Community Resilience and Recovery Initiative: Final Evaluation Report. Innovations


Project ASSIST developed several service delivery options that were innovative for the Fall River community:

  • Job Services as a Low-Stigma Entry Point into Behavioral Health Supports: As noted, the One-Stop Career Center had been overwhelmed with numerous requests from dislocated workers, many of whom also presented with emotional distress. Having a CRRI representative on-site and available for referral and assistance was cited as invaluable. Job-seeking support also was offered on-site at SSTAR, where project ASSIST offered a Monday morning employment support group. This allowed job seekers to start off the week with a positive, motivating, and encouraging experience. A project staff member with experience with resume writing and interviewing skills began working with most clients enrolled in the program. This Monday morning Job Club continued to be well-attended and valued. Program participants who were experiencing anxiety, depression, and stress from unemployment reported feeling better when focusing on activities related to job attainment. Staff believed that these individuals might not have sought support solely for their emotional distress, but received behavioral health supports by coming into the system through employment-related services.

  • Case Management as an Innovation: Case management not only helped clients access needed primary or behavioral health services, but also ensured that clients who were screened were not lost to follow-up. Follow-up using this case management approach allowed this CRRI project to reach over 95 percent of participants for 6-month follow-up. The 6-month relationship with a case manager also reportedly helped the participants feel connected to the program.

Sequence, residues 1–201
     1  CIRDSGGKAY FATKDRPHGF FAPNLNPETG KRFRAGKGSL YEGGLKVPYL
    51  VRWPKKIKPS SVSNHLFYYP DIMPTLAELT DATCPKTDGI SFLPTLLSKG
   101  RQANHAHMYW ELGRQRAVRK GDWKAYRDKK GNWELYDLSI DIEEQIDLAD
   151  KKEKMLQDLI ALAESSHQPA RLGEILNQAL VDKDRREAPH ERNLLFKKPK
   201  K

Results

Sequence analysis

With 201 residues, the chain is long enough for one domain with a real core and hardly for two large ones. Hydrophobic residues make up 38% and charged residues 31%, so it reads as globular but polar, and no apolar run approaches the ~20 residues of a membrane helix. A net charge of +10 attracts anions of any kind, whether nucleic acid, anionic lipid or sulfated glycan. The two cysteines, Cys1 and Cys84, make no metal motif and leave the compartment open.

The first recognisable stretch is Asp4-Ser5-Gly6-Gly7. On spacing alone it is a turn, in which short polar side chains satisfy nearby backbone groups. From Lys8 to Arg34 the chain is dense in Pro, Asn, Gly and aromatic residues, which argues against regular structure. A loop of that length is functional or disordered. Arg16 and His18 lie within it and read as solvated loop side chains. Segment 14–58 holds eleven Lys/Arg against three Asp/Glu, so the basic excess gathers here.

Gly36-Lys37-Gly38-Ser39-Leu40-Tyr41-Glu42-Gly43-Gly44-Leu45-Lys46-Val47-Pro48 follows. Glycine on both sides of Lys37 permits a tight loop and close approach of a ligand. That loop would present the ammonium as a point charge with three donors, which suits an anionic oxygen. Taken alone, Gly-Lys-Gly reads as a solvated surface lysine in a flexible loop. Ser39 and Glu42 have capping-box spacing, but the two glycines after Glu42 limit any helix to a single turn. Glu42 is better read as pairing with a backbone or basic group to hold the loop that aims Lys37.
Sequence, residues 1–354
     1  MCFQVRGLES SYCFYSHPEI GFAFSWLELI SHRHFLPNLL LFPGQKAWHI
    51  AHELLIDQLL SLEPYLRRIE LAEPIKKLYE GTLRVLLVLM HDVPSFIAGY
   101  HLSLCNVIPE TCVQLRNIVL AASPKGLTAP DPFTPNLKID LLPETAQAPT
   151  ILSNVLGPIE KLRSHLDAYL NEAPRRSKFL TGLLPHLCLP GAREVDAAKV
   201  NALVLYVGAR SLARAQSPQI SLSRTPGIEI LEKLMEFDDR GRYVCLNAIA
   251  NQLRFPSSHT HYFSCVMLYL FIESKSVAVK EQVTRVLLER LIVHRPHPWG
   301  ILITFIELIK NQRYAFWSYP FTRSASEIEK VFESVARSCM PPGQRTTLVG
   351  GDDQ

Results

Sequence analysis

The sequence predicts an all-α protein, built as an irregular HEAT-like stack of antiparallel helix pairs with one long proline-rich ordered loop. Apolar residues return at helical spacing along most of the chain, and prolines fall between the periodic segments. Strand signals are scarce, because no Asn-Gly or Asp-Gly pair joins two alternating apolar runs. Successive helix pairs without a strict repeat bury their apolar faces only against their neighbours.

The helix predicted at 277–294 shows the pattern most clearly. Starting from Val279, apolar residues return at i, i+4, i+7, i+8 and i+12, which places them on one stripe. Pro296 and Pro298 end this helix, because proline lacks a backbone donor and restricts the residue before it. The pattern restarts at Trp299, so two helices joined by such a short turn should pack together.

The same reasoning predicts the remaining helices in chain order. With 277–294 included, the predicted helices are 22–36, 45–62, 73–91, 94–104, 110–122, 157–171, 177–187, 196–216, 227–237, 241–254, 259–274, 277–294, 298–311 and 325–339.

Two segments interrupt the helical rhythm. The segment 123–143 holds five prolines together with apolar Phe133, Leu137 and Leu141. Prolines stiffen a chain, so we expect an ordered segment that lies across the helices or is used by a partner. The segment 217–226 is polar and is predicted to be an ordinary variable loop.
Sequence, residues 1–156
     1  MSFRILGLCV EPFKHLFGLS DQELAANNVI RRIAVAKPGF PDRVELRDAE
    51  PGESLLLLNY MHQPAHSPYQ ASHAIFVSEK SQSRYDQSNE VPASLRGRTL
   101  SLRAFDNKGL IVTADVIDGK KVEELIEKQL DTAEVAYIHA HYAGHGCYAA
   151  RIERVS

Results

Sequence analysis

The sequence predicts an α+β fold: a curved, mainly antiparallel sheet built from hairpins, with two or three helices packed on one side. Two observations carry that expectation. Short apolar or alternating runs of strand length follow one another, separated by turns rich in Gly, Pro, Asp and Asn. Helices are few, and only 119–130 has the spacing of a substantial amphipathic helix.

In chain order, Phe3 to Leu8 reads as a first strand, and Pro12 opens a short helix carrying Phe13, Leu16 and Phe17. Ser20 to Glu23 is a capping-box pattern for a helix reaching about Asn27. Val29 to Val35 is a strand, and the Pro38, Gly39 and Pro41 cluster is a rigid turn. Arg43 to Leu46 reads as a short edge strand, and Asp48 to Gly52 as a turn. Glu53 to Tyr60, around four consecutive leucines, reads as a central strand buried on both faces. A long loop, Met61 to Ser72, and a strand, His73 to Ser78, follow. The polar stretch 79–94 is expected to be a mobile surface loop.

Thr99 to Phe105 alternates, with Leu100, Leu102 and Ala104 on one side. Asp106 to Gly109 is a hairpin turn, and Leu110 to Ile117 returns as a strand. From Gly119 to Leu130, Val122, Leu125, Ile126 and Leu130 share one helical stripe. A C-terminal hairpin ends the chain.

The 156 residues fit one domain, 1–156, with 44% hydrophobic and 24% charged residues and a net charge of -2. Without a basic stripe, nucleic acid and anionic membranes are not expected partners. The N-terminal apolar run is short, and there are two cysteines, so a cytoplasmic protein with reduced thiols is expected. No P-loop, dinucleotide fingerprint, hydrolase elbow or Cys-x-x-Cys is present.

• Outreach and Screening as an Enhancement to Service Delivery: Staff reported they were amazed by the success of the outreach component of the grant. The ASSIST tagline, "There is no shame in asking for help" was a message that was repeated throughout the community; interviewees said that many people reported this important message had motivated them to seek assistance. Staff also noted the effectiveness of reaching out to people where they are located; first, rather than waiting for clients to knock on the SSTAR door, the outreach pulled them in naturally. Second, staff at the screening sites turned out to be important referral resources. This network of referring organizations remains in place after the grant. Finally, as suggested earlier, screening such a large proportion of the city's population (over 5 percent) resulted in a dataset that will be used by the agency for future planning.

In addition, screening at the parks and various community events resulted in outreach to new areas of the community, some with concentrations of poverty. Each event drew a huge crowd and thus was a successful screening opportunity. They also offered struggling families a fun, free, safe event for their children.

Consistent with the SBIRT model, staff found screening to be a great way to identify people starting to struggle with mental health issues or substance use and to offer them help before symptoms worsened.

A unique aspect of Project ASSIST was global outreach. STARR has disseminated the success of the grant at local state, national and international venues. For example, the agency CEO, Nancy Paul, presented the CRRI model at a United Nations Conference in Moscow on November 11, 2011.

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